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The Wild World of Apple Silicon

Adam Parkin
The Codependent Codr. :)
Originally published at codependentcodr.com on ・4 min read

I recently took the plunge and obtained a shiny new M1-powered Macbook Air. For those unfamiliar, last year Apple announced that they were now building machines with a brand new ARM-based architecture, making the switch from the long-lived x86 Intel architecture. This brought promises of amazing battery life, amazing performance, and terrifying compatibility issues. Now that I've been living with this machine for a week or two, I thought I'd recap my experience both setting it up, any gotchas or surprises along the way, as well as my experiences around how well the new architecture works as experienced through the lens of a developer.

Lesson 1: Rosetta Works, But Sucks Battery Like You Wouldn't Believe

Everything I've run through Rosetta has been flawless from a functionality perspective. Having said that though: anything run through Rosetta does seem to suck battery life. And not just apps that are normally CPU intensive. For example: I found that having Dropbox (which doesn't support M1), Itsycal, and Spectacle constantly running in my menu bar all seemed to have a significant drain on battery life. I've since switched from Dropbox to Sync, from Spectacle to Rectangle, and have uninstalled Itsycal as I still haven't found an M1-powered replacement.

Lesson 2: Which Apps Are M1 Ready is Really Random

So of these, which would you expect are M1 ready right now?

  • Slack
  • Chrome
  • Firefox
  • Visual Studio Code
  • Sublime Text
  • Dropbox
  • Docker

If you answered the first three, then kudos to you, though until very recently (ie within the last week or so) VS Code only had M1 support via Insiders. It looks like Sublime Text 3 will never support M1 and ST4 is still a long ways off, which for a paid product used by a lot of Mac users is truly mind-blowing to me. The fact that Dropbox still doesn't have M1 support is just inexcusable at this point (particularly given it's an "always running" app). Docker has a preview version that's been out for some time, but full support still seems like a long ways off. Side note: I haven't tried the preview version, and I don't plan on it as there's been mixed reports on how stable it is (a positive take and a less positive take).

Lesson 3: Homebrew is Ready, but Your Obscure Package Might Not Be

With Homebrew 3.0, the popular package manager is now M1-ready. I can happily report that the vast majority of packages I use are M1-native. I installed python3, git, git-extras, bash-completion, pyenv, pipx, starship, the_silver_searcher, hugo, watch and a bunch of others without issue, and all seem to be M1 as reported in Activity Monitor.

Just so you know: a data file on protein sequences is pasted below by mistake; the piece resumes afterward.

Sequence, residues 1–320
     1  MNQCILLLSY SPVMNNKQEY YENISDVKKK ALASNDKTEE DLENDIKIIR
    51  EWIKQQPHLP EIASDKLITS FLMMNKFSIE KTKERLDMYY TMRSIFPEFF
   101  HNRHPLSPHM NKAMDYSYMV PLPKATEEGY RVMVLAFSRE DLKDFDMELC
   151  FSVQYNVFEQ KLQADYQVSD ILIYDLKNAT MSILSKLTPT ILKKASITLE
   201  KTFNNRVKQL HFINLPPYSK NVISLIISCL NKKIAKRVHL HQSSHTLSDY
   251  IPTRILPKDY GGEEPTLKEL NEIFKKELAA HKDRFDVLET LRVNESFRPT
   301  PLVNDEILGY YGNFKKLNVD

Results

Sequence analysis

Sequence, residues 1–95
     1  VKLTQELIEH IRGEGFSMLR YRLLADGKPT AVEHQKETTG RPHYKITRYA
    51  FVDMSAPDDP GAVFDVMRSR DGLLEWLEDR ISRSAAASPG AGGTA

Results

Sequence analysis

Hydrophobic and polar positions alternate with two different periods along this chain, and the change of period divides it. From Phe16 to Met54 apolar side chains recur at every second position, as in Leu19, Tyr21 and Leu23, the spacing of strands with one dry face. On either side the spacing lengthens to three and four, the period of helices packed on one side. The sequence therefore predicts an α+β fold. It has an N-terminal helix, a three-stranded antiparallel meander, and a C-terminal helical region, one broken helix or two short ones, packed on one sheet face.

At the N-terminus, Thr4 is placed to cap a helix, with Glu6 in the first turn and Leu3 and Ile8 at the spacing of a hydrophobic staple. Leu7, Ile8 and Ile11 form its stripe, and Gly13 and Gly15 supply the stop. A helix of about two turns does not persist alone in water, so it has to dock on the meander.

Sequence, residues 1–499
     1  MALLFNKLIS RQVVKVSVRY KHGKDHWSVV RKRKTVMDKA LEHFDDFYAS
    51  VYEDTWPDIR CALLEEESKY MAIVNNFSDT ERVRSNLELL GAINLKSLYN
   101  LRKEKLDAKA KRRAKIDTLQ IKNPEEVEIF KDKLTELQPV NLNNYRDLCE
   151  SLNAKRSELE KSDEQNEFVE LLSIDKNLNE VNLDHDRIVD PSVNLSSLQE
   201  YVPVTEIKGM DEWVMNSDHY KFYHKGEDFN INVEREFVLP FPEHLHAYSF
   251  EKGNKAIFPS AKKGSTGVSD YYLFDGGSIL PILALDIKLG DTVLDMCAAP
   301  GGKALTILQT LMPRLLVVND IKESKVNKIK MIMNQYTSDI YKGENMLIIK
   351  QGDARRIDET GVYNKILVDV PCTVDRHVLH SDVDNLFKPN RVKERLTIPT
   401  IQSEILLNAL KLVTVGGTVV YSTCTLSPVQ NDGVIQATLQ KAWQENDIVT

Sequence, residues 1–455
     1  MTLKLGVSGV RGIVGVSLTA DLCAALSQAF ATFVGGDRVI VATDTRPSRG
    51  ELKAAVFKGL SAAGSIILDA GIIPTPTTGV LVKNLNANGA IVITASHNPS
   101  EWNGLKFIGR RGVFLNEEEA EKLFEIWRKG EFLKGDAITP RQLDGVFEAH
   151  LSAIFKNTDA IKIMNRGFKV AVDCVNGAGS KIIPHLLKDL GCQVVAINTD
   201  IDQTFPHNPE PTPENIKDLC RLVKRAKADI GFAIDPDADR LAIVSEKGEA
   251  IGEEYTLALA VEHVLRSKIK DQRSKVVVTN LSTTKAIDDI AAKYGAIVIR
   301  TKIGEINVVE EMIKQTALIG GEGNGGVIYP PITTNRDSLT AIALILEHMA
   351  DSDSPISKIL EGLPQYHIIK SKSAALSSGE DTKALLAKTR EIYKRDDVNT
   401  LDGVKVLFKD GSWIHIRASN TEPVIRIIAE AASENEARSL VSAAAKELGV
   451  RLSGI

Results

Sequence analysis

So what happens when something isn't?

$ brew install hadolint

Updating Homebrew...
==> Auto-updated Homebrew!
Updated 1 tap (homebrew/core).
==> New Formulae
bas55 delve geph4 kotlin-language-server latino libpipeline openmodelica oras sqlancer
==> Updated Formulae
Updated 267 formulae.

Error: hadolint: no bottle available!
You can try to install from source with:
  brew install --build-from-source hadolint
Please note building from source is unsupported. You will encounter build
failures with some formulae. If you experience any issues please create pull
requests instead of asking for help on Homebrew's GitHub, Twitter or any other
official channels.
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I asked about this on Github and since hadolint is built with ghc and ghc isn't M1 ready (and likely won't be for some time) you either live without the package, install a separate Rosetta-based brew installation, or obtain the package from some other means (in the case of hadolint this is what I did: there are self-contained binaries on their Github, so I threw the latest in my path)

One pro-tip: this site is awesome for seeing if a package you're interested in is M1-ready or not: https://doesitarm.com/kind/homebrew/

Lesson 4: Homebrew Is Different Now

One minor gotcha I ran into is that Brew installs to a different directory: /opt/homebrew. If you have scripts (think things like .bashrc & the like) that reference the old brew path they'll have to be tweaked.

Lesson 5: Instant On is Amazing

This is a minor thing, and honestly I didn't think I'd like it as much as I do, but M1 Macbooks feature an "instant on" wake up from sleep. And it truly is "instant". Ie before I've completely opened the lid of my MBA the screen is already on and awaiting input. This even happens when I have an external display connected. Contrast this with my Intel-based Macbook Pro for work which takes a good 30 seconds to resume from sleep (often longer if I have external displays connected).

Surprisingly this meant I didn't bother installing Amphetamine on this machine since there's no point -- I don't care if my M1 Mac falls asleep as it wakes up so damn fast.

Lesson 6: Big Sur Is Less Good

This is less dev-orientated, but I really don't like Big Sur. The new Notification Center is annoying and just wastes space on my menubar. Toast notifications look much bigger on screen (so are more jarring). Lots of little annoyances with it, none of which are dealbreaking, but if I had my way I'd have Catalina instead of Big Sur on this machine (alas, not an option).

In Summary

This machine is awesome. It's expensive (as all Macs are), but is crazy fast, and (once you get rid of all your Intel apps) sips battery very lightly.

Docker is really the only thing that I miss at this point from turning this into a real dev machine. Hopefully full M1 support will arrive for that though I can't help but wonder if Docker will ever be completely compatible (if you build a Docker image on M1, can you run that image on an Intel based machine?)

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